Change is afoot in Brooklyn Nine-Nine’s season finale, whether it’s wanted or not.
There’s more than a few declarations of affection tonight, but the most meaningful one comes from Captain Holt. The 21 months he’s had leading this precinct have been the best days of his career: a career that’s been halted (or, if you will — and forgive me for this — holted) by Wuntch.
Before he admits defeat, though, Holt tries one last trick before he’s forced to transfer out of the 9-9 and into the NYPD’s PR department. He has Gina and Terry fetch an insulting letter that Wuntch wrote about her now-superior and blackmails Wuntch into undoing his ‘promotion’ before he releases the letter publicly.
It’s a good plan (with even better insults when Holt calls Wuntch into one of their interrogation rooms), but Wuntch has too much power for it to actually work. She comes back the next morning and refuses to undo Holt’s promotion. So what if Holt hands the letter in? She’ll just deny that she really wrote it, and if it does get investigated, she has a heartbreaking plan for what she’ll do if he doesn’t move on quietly like she wants him to.
Wuntch is Holt’s biggest nemesis (at least so far, that is), and the one person that he struggles to defer to. She turns him into a petty, insolent cop, the opposite of the staunch team leader that he is when he has his wits about him. But when she brings his team into their feud, telling him what precincts she’ll scatter Diaz, Boyle, Santiago and his pet project Peralta to if he hands that letter in, Holt instantly complies with what she wants. Holt sacrifices himself for the good of his detectives, putting his dreams of having his own precinct aside for the collective security of what has become, in these two seasons of Brooklyn Nine Nine, his family.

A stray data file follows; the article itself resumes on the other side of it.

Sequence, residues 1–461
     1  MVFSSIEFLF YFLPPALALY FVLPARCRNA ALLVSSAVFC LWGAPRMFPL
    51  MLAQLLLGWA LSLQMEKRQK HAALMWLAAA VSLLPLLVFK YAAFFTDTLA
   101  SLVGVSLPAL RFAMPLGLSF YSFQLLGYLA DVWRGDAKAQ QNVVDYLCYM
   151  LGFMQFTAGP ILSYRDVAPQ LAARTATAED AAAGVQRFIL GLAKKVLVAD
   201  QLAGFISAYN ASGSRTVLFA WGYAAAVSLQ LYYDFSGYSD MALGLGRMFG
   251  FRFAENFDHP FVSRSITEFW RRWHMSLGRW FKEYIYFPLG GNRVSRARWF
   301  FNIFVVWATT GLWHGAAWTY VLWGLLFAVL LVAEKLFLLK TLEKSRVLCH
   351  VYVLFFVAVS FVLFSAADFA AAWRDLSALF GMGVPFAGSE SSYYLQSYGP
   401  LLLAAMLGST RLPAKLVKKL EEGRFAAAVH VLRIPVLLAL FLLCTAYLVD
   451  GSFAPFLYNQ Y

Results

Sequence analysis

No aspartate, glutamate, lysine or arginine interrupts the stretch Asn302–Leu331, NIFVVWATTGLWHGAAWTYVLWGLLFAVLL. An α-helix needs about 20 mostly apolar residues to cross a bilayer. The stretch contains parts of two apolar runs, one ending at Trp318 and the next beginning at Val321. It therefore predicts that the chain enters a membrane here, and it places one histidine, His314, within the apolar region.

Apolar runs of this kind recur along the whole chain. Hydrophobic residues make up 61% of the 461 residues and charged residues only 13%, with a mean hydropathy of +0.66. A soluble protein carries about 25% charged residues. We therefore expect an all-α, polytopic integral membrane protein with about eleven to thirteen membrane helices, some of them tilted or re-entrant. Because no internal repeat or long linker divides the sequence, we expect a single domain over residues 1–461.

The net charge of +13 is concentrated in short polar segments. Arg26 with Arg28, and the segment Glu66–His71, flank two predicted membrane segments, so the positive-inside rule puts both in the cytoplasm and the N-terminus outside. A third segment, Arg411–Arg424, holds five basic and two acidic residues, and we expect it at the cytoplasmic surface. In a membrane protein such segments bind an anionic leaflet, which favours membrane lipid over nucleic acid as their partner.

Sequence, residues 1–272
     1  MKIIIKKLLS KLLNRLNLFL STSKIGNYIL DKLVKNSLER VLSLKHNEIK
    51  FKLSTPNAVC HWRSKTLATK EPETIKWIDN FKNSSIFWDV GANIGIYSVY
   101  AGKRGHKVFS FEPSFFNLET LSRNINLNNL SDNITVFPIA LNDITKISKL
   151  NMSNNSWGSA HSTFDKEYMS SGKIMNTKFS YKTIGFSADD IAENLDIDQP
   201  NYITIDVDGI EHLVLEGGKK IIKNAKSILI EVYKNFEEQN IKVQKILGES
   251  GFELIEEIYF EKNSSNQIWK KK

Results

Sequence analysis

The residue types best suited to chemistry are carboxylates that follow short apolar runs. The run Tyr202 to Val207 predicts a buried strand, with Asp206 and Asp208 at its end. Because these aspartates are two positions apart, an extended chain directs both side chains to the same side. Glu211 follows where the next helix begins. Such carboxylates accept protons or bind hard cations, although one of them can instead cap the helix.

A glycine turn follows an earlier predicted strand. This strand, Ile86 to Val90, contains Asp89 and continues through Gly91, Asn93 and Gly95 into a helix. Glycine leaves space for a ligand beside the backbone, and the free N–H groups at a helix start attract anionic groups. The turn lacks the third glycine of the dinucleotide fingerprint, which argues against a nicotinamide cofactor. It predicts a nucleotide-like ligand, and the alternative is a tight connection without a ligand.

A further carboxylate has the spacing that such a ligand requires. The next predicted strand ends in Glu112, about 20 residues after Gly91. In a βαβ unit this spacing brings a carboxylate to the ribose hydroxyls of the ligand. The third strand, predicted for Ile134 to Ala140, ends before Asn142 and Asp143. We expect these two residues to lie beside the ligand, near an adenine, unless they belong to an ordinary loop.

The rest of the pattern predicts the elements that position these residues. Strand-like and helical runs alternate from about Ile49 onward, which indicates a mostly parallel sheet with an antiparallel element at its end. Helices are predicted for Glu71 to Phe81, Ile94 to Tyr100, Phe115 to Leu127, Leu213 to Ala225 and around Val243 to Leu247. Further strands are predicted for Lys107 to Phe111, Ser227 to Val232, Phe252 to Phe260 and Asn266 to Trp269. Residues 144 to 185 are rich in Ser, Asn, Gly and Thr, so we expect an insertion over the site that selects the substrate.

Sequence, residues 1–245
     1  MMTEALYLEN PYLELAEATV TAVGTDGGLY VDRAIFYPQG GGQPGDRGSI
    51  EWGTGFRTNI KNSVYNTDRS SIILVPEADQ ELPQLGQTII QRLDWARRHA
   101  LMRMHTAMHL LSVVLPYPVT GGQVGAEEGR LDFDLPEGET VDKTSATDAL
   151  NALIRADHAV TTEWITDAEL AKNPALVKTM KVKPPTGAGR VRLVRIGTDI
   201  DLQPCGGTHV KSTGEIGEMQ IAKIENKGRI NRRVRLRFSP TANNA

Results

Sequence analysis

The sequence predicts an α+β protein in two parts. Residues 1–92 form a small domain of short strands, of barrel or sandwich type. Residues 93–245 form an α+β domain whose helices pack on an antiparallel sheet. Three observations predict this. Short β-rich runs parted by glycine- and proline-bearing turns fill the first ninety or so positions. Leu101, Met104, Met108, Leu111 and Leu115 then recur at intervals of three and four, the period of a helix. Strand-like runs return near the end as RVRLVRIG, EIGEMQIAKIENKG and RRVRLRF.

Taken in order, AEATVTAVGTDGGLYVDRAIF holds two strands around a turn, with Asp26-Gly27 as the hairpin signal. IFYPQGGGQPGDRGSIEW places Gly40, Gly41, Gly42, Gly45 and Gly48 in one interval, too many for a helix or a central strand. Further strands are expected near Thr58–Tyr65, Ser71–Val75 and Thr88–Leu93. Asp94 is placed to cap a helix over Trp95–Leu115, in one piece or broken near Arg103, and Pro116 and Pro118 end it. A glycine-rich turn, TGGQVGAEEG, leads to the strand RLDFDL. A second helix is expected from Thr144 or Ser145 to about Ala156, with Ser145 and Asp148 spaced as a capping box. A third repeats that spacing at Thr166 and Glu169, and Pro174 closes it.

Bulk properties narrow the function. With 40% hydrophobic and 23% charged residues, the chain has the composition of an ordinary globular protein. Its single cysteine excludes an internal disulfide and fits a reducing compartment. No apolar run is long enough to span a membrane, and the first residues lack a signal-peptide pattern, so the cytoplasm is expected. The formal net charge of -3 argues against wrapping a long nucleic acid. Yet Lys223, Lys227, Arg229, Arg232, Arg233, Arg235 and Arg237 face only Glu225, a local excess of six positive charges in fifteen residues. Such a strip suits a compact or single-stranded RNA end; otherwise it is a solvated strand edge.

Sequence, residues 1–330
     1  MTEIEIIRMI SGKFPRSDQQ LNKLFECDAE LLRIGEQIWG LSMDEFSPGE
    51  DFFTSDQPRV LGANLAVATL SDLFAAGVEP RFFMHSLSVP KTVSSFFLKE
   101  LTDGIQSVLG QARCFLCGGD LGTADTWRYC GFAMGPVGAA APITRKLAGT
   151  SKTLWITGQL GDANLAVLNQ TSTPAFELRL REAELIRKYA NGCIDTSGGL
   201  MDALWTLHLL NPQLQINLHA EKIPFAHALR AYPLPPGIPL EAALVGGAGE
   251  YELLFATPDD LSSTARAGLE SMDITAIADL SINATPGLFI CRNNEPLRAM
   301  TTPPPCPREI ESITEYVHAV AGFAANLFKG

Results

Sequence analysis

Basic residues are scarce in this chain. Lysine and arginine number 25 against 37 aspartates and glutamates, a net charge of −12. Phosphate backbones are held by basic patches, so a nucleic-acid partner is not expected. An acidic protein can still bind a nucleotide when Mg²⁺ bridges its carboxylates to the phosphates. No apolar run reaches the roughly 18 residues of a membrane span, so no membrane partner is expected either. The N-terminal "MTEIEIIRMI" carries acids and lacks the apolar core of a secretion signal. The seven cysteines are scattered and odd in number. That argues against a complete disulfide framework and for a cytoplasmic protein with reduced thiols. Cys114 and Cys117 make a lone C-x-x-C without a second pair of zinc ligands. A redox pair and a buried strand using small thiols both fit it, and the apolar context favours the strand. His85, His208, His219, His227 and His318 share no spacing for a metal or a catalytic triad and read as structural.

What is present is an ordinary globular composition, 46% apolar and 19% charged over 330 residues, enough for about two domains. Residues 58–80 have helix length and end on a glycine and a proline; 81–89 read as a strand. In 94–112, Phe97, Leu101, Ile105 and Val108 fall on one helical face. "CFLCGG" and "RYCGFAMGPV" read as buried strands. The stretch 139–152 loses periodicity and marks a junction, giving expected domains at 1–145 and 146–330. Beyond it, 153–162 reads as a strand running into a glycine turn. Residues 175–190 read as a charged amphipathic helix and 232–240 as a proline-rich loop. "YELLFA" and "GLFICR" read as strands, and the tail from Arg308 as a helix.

So, with more emotion than we’ve ever seen from him, Holt announces that he’s leaving. The team start the episode giving a salute to a fallen vending machine, and end it speechlessly saying goodbye to their Captain. A man that not all of them wanted, but one that they certainly all needed. “I know that every one of you gave me everything you had” he says, but what Holt might not realize is that his team only gave him their all because he brought it out in them.
Something that he does, again, even after his departure.
Jake has been walking on eggshells around Amy since she told him that she doesn’t want to date cops anymore, with an awkwardness present that Jake quickly and honestly explains the root of when she asks him why he doesn’t want to work with her. It’s not that they’re not good together — rather the opposite, really.
They could be something really good together, but it’s a risk that Amy isn’t sure she’s willing to take. Jake is more than just a crush: he’s her friend and her partner, someone that she’s known for years and a person who understands her — even to the point of knowing what post-case snacks she’ll be having. But when they’re posing as a couple, Amy in Rosa’s leather jacket and Jake swimming in Scully’s sports jacket, they can’t help but expose some of their feelings for one other.
Their perp’s girlfriend asks them, after they posed as a newly engaged couple to get a table, how they know that each other was ‘the one.’ Oh you know, Jake says, vaguely mentioning something about Amy’s face and attached body. In every other undercover situation, Jake has a fully formed character that he plays, complete with catchphrases, accents and one hundred percent confidence. But the thing about ‘Johnny,’ is that he’s barely real. Yes, he and Dora were characters made up on the spot, so Jake and Amy could follow their perp to dinner, but this is Peralta. He’s got a new persona for every situation, and thrives on playing pretend.